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Saudi miffed, warns of disastrous consequences over US 9/11 law

Warning of “disastrous consequences” Saudi Arabia on Thursday reprimanded the US law allowing 9/11 victims to sue the kingdom. The bill is expected to escalate the tensions between the longstanding allies.

On Wednesday, the US Congress voted in complete majority to override President Barack Obama’s veto of the Justice Against Sponsors of Terrorism Act (JASTA) on relations between states. JASTA enables attack survivors and relatives of terrorism victims to lodge cases against foreign governments in US federal courts and to demand compensation if such governments are found guilty for any such attack in US.

As reported by NDTV, a Saudi foreign ministry source on Thursday called on the US Congress “to take the necessary measures to counter the disastrous and dangerous consequences” of the law. The spokesman’s identity was not revealed as cited by the official Saudi Press Agency, that said the law is “a source of great worry.”

Further adding to it they said that the law “weakens the immunity of states”, and will have a negative impact on all countries “including the United States.”  In opposing the law, Obama said it would harm US interests by undermining the principle of sovereign immunity, opening up the US to private lawsuits over its military missions abroad.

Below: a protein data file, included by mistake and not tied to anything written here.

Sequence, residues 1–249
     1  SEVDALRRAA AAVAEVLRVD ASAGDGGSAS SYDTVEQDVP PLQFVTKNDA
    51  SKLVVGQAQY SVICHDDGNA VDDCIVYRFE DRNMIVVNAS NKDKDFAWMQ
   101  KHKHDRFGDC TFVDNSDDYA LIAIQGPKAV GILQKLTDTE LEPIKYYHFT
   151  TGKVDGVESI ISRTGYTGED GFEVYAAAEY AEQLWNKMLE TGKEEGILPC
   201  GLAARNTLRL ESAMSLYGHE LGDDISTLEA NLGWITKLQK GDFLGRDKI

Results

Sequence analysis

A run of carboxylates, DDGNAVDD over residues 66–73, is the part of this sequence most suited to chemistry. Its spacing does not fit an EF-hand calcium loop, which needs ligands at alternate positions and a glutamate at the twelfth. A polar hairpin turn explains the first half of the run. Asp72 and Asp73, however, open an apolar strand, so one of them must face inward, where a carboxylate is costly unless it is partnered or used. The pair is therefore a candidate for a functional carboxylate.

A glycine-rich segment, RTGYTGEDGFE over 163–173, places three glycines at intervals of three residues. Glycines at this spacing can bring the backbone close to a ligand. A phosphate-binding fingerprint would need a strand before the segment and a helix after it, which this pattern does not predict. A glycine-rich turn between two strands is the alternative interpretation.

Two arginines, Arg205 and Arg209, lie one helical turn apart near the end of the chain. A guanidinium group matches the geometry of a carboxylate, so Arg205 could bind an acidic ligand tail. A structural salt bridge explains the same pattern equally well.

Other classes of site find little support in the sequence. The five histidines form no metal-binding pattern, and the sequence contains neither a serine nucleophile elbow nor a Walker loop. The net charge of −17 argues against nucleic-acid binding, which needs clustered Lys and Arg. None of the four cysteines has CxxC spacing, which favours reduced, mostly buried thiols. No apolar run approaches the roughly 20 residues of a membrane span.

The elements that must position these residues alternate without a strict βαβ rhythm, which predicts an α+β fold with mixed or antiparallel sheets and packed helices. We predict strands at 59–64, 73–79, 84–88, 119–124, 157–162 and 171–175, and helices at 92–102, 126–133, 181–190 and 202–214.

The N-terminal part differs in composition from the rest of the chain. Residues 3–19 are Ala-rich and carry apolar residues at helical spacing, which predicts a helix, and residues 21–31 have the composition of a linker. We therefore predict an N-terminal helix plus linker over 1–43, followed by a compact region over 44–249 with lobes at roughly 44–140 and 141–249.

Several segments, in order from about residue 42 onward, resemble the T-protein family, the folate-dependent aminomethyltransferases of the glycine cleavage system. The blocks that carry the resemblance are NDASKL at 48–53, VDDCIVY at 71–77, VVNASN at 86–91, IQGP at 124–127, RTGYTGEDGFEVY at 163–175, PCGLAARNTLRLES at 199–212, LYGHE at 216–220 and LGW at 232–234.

Reportedly a senior Saudi prince threatened to pull out billions of dollars of US assets if JASTA became law, even though Saudi officials have not acknowledged such threats.

“It will be very difficult for Saudi Arabia to continue in intelligence cooperation when they take such a hostile position,” said Jamal Khashoggi, a veteran Saudi journalist and analyst.

He said Saudi officials are probably debating whether to act now or “wait until the first suit is filed in some small town in America.”

Also on Thursday, White House released a statement saying the Congress’s passage of a law allowing Sept. 11-related suits against Saudi Arabia was “an abject embarrassment” and that the administration was willing to talk to lawmakers about narrowing the measure’s impact.

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